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April 02, 1944 - Image 14

Resource type:
The Michigan Daily, 1944-04-02

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'Origin of the
Pajama' Specie
Found in India
War Brings Temporary
Halt to Development
Of Bedtime Attire
Statistics have it that most of us
(maybe not college students) spend
at least a third of our lives in bed.
Loads of people have made it their
business (and a very lucrative one
at that) to see that, whatever we do,
we're dressed for it. But did anyone
see that we were equally well dressed
for bed? Not a soul, for years.
But here is the modern story. How
did pajamas creep into ye olde Am-
erican culture?
Began in India
The scene does a swift change to
India where a fakir is yawning in a
bored fashion as he reclines upon the
newly sharpened nails protruding
from his latest mail-order catalog tor-
ture cot. He is nattily attired in
"puyjamas." A British diplomat stops
to watch the drama unfold, losing his
monocle and letting escape a slight-
ly incredulous, "'Pon my word, how
verry extraordinary."
British Take Over
The natives wore "puyjamas" for
just about everything except sleeping
but the British domesticated the in-
novation. They smuggled them into
the house and, in fact, in 1800 they
took pajamas to bed with them.
So then the Yanks took over, an-
glicized the word to pajamas. A
process of introduction and assim-
late took place in order to overcome
the ready opposition from the men-
folk, who with shaking head, declared
tey would have nothing to do with
itheand so stuck to nightshirts, oc-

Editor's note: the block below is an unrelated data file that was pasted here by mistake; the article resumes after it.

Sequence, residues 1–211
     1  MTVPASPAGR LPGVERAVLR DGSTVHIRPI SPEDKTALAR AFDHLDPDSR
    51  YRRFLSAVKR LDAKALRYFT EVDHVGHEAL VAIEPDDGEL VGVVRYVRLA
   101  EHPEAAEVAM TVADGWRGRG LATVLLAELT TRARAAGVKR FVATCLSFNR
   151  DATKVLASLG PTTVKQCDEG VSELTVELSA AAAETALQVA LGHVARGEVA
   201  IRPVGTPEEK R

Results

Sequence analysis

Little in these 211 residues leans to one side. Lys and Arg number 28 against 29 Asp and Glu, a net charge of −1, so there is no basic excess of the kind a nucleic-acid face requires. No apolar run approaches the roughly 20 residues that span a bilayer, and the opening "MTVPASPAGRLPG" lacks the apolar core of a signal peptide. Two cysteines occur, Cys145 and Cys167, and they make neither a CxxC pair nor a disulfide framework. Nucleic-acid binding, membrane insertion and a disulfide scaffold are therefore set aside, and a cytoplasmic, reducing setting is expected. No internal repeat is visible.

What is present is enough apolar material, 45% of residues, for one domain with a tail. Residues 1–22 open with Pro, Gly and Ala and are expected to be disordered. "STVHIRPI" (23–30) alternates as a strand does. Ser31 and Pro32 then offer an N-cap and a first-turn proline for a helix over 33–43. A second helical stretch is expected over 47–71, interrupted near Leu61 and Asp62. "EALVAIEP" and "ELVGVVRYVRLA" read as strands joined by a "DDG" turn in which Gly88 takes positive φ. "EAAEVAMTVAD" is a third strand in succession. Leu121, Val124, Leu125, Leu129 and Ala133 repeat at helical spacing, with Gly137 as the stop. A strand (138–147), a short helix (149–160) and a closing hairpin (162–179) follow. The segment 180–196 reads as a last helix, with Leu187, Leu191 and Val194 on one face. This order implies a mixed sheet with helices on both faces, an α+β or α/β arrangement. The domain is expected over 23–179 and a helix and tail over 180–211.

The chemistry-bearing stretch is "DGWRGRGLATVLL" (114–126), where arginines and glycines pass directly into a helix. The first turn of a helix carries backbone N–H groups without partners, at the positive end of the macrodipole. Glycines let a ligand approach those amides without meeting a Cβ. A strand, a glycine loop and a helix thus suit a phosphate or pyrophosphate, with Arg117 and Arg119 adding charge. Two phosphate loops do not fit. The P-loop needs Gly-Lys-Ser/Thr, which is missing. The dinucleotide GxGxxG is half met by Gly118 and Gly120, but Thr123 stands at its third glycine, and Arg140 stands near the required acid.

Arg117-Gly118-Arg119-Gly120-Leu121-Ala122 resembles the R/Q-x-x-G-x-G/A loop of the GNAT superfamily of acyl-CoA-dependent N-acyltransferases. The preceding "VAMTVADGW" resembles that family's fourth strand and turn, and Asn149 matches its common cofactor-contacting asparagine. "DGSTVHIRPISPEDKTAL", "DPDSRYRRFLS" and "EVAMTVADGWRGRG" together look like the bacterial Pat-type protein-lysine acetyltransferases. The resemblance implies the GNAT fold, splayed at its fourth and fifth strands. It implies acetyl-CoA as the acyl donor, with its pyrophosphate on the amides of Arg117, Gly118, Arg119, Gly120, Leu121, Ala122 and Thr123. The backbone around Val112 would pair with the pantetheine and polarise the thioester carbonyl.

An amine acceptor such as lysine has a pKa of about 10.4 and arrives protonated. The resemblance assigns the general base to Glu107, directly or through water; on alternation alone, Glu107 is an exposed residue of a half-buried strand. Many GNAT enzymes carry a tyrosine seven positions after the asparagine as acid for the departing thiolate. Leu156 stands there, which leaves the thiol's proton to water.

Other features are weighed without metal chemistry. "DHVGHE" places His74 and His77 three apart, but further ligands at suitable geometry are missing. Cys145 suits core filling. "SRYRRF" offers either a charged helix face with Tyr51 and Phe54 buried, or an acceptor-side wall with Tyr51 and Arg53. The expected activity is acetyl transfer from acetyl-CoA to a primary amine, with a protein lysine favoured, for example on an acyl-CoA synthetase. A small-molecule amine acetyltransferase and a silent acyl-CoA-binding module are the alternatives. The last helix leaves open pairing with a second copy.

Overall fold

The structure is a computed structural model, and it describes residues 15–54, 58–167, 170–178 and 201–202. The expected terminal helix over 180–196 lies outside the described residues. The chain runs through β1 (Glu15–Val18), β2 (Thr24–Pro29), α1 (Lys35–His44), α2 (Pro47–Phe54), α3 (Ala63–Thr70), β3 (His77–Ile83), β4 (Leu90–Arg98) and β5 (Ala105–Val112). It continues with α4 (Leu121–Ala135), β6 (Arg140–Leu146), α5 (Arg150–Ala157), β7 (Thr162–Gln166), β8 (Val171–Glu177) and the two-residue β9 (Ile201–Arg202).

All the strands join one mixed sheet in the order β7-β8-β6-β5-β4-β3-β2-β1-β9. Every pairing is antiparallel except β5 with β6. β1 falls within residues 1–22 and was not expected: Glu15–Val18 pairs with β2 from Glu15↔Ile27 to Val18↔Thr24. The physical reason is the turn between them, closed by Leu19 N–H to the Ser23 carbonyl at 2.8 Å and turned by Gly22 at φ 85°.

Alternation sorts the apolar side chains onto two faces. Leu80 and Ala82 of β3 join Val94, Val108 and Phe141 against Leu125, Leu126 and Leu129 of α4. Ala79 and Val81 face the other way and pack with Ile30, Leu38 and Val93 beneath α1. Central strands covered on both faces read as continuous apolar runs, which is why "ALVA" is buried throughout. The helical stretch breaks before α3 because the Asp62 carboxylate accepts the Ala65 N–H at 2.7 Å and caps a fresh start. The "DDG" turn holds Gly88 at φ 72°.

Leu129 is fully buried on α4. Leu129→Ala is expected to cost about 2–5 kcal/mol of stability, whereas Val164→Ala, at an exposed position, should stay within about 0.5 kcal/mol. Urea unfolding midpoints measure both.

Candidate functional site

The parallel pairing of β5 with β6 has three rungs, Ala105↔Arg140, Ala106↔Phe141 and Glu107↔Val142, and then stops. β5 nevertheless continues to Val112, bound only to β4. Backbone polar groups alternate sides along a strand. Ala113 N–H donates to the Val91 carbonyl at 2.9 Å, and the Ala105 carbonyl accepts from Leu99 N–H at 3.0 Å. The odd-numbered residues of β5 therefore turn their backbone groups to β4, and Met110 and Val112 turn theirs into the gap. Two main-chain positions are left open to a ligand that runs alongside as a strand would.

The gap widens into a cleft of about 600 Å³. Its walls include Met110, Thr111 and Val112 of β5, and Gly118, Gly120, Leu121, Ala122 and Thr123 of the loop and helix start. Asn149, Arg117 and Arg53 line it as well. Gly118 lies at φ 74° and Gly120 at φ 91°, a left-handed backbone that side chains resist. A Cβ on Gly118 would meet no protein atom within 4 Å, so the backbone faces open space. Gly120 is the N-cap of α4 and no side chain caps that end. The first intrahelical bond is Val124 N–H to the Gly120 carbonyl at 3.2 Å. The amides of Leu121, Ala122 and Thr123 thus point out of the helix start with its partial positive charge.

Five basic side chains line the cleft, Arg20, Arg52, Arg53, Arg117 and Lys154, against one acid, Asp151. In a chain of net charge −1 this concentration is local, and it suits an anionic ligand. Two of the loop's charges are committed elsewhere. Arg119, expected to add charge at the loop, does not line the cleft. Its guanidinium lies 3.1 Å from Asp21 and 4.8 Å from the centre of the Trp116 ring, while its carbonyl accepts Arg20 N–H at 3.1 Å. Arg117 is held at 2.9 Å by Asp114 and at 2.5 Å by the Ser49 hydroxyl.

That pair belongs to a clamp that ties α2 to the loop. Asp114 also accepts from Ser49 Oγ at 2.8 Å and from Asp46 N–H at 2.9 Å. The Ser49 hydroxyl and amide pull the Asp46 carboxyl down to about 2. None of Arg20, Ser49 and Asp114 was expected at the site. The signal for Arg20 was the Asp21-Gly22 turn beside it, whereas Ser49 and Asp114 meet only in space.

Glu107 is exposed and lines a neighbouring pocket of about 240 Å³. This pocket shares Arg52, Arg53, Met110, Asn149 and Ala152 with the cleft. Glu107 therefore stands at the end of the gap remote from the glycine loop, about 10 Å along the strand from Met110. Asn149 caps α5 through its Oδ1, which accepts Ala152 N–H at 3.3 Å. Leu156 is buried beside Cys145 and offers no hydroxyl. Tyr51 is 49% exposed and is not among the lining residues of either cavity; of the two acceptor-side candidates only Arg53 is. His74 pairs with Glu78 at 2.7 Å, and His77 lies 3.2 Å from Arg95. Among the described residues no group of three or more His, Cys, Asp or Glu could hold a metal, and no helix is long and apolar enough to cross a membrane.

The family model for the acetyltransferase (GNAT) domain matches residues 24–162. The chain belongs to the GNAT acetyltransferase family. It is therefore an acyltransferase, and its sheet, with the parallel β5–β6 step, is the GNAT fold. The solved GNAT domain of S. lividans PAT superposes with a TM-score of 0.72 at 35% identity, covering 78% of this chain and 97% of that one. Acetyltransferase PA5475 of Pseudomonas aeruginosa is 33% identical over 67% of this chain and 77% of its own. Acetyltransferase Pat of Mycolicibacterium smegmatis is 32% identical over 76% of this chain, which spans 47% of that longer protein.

casionally relieved by a stoplight pair
of red flannels.
Rudy Plays a Part
The scene switches now to a popu-
lar theatre in 1900. The average Mrs.
America is sitting there adoring from
afar her matinee idol, Rudolph Val-
entino (The Shiek, rather than The
Voice). The bedroom comedy as-
sumed tremendous popularity and
the smooth idol was seen in-yes,
pajamas. Rudolph's oh-so-smooth
hair, lounging pajamas and technique
started something . In the vain hope
that if her husband dressed like Rudy
he might also exert a little charm,
Mrs. America demanded more style
in her husband's boudoir attire
so she ended up with elaborately de-
signed silks, pongees and heavy satins.
And Then the War
But, wait-then came World War
II and accompanying it, WLB regu-
lation L-169. This meant removing
the tassels you always woke up chew-
ing anyhow. No more fancy cuffs-
cuffs and collars .. . and the yardage
was cut to about 41/3 yar:ds a pair.
This will undoubtedly pose a tr-
mendous problem in the post-war
reconstruction. Will flamboyant pat-
terns, styles and colors again appear
in men's pajamas, looking like the
original Dali nightmare, as a con-
trast from -the long suffered 'khaki
and Navy blue? Well, it is anyone's
guess from here on.
But it appears from all appear-
ances that pajamas are here to stay.
In the last decade they have become
the chief concern of many clothing
establishments and they are an ac-
cepted piece of clothing for most any


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/,' 4 #M.

t r r W w
THE WISE WORDS GIVEN ABOVE are no dream to the slide-rule boys on this campus for they know,